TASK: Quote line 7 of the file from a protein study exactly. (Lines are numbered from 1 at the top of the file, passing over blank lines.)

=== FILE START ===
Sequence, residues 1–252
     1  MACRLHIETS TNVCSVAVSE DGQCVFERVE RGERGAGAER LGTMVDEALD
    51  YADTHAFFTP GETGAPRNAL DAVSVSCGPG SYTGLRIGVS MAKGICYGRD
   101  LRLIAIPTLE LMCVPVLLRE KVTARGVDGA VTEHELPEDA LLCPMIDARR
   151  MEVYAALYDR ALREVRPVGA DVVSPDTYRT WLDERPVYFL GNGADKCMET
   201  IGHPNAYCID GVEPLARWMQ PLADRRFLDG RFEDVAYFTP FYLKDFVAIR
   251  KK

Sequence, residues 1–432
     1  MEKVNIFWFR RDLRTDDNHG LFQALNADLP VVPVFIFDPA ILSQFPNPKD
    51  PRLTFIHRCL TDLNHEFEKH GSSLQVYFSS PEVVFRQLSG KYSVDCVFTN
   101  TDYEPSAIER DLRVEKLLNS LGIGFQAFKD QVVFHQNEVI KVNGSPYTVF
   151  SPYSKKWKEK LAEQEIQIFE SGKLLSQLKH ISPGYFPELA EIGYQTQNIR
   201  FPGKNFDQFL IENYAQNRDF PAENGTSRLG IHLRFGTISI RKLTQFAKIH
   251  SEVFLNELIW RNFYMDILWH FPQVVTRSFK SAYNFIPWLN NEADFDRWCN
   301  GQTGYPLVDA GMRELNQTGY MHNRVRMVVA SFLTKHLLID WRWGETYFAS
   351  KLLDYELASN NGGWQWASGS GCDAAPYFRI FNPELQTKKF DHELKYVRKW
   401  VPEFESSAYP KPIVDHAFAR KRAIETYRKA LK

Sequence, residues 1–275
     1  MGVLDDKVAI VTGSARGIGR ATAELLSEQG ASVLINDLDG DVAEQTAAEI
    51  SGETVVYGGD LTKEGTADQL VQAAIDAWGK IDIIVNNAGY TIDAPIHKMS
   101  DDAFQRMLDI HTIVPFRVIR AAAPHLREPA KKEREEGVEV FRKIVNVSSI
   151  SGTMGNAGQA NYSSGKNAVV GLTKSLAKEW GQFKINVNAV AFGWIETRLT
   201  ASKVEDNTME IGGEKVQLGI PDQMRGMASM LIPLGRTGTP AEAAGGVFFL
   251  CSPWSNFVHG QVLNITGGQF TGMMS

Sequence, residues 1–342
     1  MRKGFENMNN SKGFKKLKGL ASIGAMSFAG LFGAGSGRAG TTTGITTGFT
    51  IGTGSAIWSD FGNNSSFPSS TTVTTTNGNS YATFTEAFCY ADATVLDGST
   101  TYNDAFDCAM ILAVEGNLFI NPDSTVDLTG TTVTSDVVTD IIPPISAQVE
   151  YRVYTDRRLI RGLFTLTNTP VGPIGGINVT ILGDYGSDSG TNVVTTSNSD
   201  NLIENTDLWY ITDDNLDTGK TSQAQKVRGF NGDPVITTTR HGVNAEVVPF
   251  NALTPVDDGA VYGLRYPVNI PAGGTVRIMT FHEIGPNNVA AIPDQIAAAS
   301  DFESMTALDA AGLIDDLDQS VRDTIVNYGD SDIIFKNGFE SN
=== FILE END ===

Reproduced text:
   251  KK